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Hangry March 14, 2020 No hammer stone required

Simmering and braising bone-in short ribs in bone broth feeds your expensive brain, helps maintain insulin sensitivity, and you don’t need a hammer stone to get at the bone marrow.

Jess Thompson talks about Pliocene-era “Lucy” and argues that Lucy was not wanting meat, but wanting fat, specifically marrow bone. (Using a hammer stone to smash bone marrow, not a flake stone to cut meat.) A pounding tool to get at the good stuff, to smash open marrow.

The University of Chicago Press headlines their press release about the study: “Humans may have emerged from scavenging big game, eating brains and marrow.”

“In ‘Origins of the human predatory pattern: The transition to large animal exploitation by early hominins,’ published in the February 2019 issue of Current Anthropology, Jessica C. Thompson, Susana Carvalho, Curtis W. Marean, and Zeresenay Alemseged challenge the longstanding paradigm in anthropology that stone tools and meat-eating directly preceded the emergence of humans, arguing that our existence may instead be owed to our earlier ancestors consuming brains and marrow as they scavenged big game.

“We offer a new and testable hypothesis that simple hammering tools sparked our involvement with large-bodied prey more than 3.2 million years ago – by unlocking the fat stored within their bones,” Thompson writes.”
“Drawing from the most up-to-date archaeological data as well as chimpanzee ecology, Thompson and her co-authors offer a new theory about big game consumption among humans’ closest ancestors. They propose that their earliest encounters eating large game were not reliant on knife-like “flake stone” tools, nor were they eating much, or any, meat off bones. Instead, they consumed large animals as scavengers of the parts other scavengers couldn’t easily access, eating inside-bone nutrients — marrow and brains — by breaking through bones with percussive tools.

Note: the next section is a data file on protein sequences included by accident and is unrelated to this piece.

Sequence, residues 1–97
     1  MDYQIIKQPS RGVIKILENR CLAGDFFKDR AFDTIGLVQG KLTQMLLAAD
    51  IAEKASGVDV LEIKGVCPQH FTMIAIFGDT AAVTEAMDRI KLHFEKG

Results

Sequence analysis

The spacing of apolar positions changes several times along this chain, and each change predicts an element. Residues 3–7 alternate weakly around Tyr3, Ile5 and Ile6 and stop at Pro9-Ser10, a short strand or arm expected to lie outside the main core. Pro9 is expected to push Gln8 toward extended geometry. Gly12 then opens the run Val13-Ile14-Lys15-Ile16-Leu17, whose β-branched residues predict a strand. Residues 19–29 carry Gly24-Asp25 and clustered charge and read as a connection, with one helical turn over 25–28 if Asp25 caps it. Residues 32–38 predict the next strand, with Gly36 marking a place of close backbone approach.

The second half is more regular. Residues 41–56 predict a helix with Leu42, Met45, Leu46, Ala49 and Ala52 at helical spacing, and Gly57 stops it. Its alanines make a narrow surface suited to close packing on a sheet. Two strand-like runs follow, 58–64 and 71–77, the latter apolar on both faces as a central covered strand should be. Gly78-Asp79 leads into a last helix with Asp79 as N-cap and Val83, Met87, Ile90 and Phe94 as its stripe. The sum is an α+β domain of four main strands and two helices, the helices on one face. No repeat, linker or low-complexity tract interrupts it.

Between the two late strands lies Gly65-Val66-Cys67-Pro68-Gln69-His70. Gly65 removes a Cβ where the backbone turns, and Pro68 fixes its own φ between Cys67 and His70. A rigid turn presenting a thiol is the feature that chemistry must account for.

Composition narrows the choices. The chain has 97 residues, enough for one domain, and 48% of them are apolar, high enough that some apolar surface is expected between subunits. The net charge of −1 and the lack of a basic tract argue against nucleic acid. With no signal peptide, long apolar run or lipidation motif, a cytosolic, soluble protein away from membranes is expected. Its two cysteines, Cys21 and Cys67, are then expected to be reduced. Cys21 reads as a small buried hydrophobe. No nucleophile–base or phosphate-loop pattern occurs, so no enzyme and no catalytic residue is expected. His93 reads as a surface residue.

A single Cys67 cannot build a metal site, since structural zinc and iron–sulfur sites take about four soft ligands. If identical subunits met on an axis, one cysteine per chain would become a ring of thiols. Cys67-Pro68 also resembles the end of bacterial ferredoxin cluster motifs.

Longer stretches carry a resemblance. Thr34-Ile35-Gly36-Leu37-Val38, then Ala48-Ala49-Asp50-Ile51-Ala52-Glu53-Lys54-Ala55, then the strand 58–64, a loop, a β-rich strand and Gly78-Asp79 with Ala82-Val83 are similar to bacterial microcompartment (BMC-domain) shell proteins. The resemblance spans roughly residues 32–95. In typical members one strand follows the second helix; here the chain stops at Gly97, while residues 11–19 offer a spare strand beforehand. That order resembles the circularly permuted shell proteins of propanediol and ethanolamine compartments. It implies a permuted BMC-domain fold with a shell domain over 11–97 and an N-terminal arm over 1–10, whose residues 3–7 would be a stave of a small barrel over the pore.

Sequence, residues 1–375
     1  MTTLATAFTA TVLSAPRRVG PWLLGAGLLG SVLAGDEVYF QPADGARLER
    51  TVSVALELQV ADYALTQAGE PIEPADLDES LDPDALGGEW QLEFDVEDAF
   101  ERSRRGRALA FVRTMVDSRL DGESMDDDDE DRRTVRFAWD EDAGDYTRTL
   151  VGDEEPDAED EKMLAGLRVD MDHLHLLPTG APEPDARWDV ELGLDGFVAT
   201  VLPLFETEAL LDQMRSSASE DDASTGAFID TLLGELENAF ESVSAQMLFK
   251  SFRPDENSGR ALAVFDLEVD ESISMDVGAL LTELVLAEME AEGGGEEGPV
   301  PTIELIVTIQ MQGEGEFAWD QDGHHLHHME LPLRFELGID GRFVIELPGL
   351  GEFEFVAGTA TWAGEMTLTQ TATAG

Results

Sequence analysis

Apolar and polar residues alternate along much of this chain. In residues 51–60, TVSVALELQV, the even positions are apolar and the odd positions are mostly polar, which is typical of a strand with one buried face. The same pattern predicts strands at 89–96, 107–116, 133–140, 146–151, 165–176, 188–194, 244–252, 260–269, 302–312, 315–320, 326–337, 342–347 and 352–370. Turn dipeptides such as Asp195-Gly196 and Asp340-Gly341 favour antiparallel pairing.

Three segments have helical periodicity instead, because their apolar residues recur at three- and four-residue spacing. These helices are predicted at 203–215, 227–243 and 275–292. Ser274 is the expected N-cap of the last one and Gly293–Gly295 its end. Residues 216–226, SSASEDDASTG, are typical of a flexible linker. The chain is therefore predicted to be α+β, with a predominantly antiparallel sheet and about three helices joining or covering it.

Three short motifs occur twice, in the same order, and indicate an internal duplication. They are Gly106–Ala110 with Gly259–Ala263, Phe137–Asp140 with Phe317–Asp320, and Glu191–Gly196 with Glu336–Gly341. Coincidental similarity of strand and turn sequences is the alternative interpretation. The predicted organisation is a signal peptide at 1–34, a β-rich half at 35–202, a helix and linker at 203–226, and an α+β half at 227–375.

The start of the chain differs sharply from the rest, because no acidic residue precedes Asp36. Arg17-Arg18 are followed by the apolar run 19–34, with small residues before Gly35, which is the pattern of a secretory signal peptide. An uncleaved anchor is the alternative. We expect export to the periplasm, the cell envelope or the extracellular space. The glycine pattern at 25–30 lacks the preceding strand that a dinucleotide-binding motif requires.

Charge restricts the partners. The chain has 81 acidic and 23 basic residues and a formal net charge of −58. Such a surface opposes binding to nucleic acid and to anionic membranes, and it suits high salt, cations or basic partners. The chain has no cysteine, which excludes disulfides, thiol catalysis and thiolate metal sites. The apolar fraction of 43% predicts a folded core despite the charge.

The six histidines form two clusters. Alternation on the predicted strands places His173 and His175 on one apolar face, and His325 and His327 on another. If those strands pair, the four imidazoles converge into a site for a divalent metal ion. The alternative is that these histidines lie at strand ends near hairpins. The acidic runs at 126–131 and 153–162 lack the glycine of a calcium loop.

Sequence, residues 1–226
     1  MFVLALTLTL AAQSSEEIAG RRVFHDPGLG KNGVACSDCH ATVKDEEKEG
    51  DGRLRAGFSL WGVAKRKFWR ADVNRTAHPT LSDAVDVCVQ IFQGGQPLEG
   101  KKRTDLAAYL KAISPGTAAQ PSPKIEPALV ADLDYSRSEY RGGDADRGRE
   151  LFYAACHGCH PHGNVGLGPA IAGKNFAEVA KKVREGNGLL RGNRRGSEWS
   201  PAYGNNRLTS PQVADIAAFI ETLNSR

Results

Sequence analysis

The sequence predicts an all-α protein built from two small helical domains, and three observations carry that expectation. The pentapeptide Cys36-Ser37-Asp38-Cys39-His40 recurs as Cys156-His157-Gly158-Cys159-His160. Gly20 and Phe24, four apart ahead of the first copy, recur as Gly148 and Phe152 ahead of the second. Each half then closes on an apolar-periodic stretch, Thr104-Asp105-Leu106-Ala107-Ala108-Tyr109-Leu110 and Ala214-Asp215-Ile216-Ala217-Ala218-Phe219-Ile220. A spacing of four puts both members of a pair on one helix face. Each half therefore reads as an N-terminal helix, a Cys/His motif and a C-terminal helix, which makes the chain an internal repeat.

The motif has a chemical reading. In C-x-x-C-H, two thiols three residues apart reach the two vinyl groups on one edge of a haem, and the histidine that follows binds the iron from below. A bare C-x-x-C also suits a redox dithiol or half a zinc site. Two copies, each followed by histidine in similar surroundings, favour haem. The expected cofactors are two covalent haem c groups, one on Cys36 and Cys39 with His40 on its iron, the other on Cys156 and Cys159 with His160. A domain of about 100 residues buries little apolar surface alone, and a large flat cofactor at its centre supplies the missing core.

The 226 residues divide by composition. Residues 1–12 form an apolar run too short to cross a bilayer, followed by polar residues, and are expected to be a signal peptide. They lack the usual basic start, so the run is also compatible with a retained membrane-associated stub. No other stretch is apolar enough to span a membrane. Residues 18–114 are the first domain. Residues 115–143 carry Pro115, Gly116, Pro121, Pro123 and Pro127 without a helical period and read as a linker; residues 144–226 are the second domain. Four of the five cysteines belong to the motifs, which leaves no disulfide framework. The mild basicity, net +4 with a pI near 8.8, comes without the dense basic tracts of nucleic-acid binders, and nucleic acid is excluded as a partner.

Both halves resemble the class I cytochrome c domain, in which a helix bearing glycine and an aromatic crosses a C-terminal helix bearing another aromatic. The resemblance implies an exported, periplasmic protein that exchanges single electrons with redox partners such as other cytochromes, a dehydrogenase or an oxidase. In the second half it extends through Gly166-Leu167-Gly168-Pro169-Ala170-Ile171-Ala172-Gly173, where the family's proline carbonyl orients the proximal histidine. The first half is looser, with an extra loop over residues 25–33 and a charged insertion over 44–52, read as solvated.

“Large animals, with their easily digestible and calorically rich fat and protein, are thought to have been partly responsible for humans evolving larger brains and bodies than other primates. Brains and marrow are the fattiest body parts on lean wild game and are the precursor to fatty acids important to eye and brain development. This is an important factor, Thompson writes, when weighing the costs and benefits of meat-eating versus inside-bone eating in East Africa 3.5 million years ago. She also notes that inside-bone nutrients take much longer than outside-bone nutrients do to rot. “This undoubtedly extended the amount of time it persisted in a fresh state, thus increasing encounter rates relative to edible flesh and decreasing risk from carnivores that remain near fresher kills,” she writes.”

The University of Michigan Health System says, “Bone marrow fat tissue secretes hormone that helps body stay healthy.”